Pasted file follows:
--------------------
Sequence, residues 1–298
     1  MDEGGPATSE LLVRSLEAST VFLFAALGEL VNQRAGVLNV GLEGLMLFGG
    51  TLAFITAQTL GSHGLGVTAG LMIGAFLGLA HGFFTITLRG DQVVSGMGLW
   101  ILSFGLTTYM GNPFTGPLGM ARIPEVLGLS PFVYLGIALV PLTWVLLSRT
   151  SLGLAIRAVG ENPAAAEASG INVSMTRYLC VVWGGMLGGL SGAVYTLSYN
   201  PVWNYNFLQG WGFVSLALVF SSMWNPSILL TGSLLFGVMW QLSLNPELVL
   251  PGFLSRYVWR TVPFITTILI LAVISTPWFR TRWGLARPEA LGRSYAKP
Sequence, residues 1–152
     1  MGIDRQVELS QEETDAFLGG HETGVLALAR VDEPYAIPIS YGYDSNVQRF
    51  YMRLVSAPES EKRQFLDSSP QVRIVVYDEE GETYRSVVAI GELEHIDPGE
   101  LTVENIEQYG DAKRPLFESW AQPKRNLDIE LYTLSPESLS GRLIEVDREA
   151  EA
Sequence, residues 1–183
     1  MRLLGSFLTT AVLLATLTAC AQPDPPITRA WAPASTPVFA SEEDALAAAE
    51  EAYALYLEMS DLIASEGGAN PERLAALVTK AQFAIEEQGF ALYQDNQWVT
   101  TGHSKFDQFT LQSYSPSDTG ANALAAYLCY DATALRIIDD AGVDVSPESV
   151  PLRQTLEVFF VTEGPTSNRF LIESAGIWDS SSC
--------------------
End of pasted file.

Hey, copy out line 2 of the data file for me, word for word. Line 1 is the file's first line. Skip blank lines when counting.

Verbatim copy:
     1  MDEGGPATSE LLVRSLEAST VFLFAALGEL VNQRAGVLNV GLEGLMLFGG